Intermediate Department Ju
lian Reid, 93 3-4; Rachel Banister,
929; Christine McKenzie, 98 718;
J. T. Hinkle, 92 7-8.
Grammar and High School De
partment Elizabeth Sue Thomas,
96 5-7; Nancy B. McClure, 93 3-7;
Boyd Caywood. 92 2-3.
At Paris High School, or on the
streets of Paris, a diamond ring,
with small set. Finder please leave
at THE NEWS office and receive re
ward. PLANT BULBS NOW
Just received direct from Holland,
Tulips, Hayacinths. Narcissus, Jon-
jquils and Crocus. Come and get
Cumb. Phone 915 Second Street.
One-ton Ford truck, in good con-
dition. Call either phone 221.
Expert and Polite Service
HOT AND COLD BATHS
Btgan Business Jan. 3, 1916
Frank' P. Kiser, PrMldeat
B. I. Wttthers, Vlc PrwHhat
17. Tfl. "Mitchell. Caskler
Jbo. W. TtrkM, AjwH'CMhUr
Dab pMd( Jr., BookhMptr. . .
june 3t, isa
JIUJIUJIr JMJlilrr I4-U! JWUJL
Try Us With That Next Job!
We Print :
THE NEWS JOB
Electric Washing Machines, Irons, Toasters,
Broilers, Chafing Dishes, Electroliers, All
Kinds of Bulbs, Etc.
All Sizes and Prices. Gas .Logs and Grates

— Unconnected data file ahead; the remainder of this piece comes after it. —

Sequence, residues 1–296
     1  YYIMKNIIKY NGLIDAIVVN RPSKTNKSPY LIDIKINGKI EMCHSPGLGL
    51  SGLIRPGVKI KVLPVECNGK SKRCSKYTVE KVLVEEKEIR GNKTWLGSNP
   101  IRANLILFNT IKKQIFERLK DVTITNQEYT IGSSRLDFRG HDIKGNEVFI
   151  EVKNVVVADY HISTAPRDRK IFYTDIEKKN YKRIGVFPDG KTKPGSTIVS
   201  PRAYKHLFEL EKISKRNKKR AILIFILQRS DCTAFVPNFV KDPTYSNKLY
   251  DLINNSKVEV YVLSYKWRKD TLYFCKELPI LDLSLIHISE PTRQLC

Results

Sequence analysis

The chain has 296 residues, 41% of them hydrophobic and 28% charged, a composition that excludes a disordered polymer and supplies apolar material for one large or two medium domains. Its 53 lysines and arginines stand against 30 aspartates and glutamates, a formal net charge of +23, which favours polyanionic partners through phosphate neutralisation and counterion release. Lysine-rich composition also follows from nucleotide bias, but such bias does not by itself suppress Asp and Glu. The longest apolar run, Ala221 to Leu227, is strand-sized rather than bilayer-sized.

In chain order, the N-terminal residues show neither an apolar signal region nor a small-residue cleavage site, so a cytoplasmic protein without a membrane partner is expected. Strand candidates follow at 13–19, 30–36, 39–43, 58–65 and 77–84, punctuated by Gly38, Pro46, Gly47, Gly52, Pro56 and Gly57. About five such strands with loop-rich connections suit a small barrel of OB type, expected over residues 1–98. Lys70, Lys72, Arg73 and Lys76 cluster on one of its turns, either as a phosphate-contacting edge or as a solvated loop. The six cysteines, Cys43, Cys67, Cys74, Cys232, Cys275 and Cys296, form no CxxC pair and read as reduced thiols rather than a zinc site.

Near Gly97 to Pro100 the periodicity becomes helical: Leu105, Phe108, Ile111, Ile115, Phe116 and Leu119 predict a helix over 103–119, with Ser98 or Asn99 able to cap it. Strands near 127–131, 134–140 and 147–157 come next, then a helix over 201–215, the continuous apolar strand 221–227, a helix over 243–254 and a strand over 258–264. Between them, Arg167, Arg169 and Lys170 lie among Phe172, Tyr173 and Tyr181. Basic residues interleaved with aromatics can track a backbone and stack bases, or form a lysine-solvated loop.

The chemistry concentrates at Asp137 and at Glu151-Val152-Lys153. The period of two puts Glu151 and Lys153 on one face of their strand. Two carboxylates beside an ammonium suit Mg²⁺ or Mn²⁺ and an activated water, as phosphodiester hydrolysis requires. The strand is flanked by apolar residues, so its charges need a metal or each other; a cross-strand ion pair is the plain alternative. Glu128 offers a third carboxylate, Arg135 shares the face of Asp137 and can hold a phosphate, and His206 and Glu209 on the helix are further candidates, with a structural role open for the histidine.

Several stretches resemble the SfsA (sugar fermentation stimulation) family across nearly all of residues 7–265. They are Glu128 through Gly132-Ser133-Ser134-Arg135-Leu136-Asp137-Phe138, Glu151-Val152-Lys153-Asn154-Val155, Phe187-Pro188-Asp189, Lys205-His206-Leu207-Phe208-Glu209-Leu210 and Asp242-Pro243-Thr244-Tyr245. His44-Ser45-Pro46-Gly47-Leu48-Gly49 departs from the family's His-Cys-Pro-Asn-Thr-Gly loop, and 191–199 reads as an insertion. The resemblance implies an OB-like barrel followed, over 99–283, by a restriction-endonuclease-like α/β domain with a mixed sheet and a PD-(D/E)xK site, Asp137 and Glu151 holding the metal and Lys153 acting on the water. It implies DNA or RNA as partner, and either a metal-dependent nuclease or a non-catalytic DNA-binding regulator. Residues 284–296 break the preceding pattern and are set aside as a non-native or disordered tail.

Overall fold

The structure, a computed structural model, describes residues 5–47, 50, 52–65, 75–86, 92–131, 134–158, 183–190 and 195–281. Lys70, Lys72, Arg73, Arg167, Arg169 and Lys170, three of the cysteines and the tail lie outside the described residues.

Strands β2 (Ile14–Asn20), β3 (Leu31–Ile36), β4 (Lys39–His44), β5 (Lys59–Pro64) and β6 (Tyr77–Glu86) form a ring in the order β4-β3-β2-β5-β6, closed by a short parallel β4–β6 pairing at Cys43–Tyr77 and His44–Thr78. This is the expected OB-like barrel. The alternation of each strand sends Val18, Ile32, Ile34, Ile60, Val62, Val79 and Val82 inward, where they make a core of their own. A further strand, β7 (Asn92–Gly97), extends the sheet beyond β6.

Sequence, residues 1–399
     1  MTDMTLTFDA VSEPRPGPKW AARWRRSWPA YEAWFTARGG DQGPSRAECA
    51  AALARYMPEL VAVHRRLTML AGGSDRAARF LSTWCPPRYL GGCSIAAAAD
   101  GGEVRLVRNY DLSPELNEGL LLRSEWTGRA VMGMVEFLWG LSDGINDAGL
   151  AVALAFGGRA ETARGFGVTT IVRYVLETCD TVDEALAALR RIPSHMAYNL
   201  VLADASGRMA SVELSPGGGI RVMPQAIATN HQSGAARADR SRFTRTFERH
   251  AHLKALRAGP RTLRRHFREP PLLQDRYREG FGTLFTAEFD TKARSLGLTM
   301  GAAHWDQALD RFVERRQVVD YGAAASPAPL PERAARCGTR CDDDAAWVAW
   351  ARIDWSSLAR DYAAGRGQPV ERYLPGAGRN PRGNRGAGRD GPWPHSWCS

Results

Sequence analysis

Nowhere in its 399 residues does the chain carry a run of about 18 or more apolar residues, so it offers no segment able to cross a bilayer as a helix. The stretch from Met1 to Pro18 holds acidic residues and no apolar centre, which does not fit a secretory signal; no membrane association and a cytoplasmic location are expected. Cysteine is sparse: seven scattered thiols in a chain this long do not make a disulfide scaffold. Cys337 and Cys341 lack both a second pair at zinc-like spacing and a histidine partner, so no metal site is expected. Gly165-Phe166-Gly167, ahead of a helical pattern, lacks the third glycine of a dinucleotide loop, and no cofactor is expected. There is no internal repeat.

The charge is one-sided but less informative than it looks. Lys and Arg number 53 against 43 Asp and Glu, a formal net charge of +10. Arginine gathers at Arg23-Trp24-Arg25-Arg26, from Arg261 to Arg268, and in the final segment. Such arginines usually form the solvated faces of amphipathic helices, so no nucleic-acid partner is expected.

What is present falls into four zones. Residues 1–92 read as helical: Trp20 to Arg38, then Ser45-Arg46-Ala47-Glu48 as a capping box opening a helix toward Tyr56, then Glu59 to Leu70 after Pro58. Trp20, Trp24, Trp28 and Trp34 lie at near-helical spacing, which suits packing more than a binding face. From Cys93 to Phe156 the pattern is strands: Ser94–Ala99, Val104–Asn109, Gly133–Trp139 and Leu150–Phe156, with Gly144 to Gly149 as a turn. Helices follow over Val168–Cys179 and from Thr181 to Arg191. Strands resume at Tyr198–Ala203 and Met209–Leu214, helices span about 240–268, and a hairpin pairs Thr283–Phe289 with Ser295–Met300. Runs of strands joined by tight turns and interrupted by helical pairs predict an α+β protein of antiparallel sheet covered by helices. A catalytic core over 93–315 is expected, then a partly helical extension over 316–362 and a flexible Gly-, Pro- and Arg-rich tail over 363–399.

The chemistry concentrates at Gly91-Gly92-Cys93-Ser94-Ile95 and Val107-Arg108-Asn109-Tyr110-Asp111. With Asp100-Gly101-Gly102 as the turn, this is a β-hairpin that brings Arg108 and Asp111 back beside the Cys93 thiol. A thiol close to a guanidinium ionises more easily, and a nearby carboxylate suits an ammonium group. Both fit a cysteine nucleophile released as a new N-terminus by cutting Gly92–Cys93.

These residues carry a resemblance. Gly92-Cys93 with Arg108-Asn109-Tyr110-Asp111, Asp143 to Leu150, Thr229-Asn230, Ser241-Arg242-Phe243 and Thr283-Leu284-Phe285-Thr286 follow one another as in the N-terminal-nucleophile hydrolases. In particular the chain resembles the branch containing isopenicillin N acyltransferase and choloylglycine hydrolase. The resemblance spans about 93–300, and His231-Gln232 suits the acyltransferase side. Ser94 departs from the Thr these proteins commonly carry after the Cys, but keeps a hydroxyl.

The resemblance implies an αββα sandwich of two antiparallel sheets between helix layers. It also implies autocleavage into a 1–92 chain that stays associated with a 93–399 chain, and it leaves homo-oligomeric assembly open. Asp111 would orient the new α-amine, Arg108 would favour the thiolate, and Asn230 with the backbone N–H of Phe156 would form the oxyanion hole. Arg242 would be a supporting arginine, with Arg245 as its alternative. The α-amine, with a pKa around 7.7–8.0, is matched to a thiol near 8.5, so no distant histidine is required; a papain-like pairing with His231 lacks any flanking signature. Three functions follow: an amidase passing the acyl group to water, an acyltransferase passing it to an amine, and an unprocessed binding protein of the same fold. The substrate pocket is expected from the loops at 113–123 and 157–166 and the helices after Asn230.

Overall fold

That are Very Practical and Ornamental.
Good gas heating stove.
WM. S. DALE,
At Dale Restaurant. Main St.
All persons having claims against
the estate, of Richard Strother, de
ceasedr are hereby requested to pre
sent same, properly proven, as re
quired by law, to the undersfgned
Administrator, for adjustment and
All persons knowing themselves
indebted in any way to the estate of
the said Richard Strother, are
hereby notified to call on the under
signed Administrator and make full
and prompt settlement of such in
debtedness. NEWTON STROTHER,
Administrator of Richard Strother.
7:05 a. m.
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11:55 p. m.
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Cash Fare, 60c; Ticket Fare, 54c.
Commutation 52 trip monthly book,
$12.00. Tickets, single trip, or in
quantities, date unlimited, sold be
tween all points at reduced rates.
KENTUCKY TBACTI0N & TEE
In 76 t
The Colonial Dame
Spnn her cloth
By Candle flame.
In 1860 ;
In Crinoline bright,
She greeted her guesti
By Coal Oil light
And later on,
How time doei put
Her home was lit
By flickering Gas.
But' tit' girl of to-day
Who wants her hone bright,
Jmst presses a bittern
Aad has Eleetrio light
Paris Ga$& Eke trk Co.
iAit AiTi flit 4 A fifl f"
All Kinds of
orr. court house j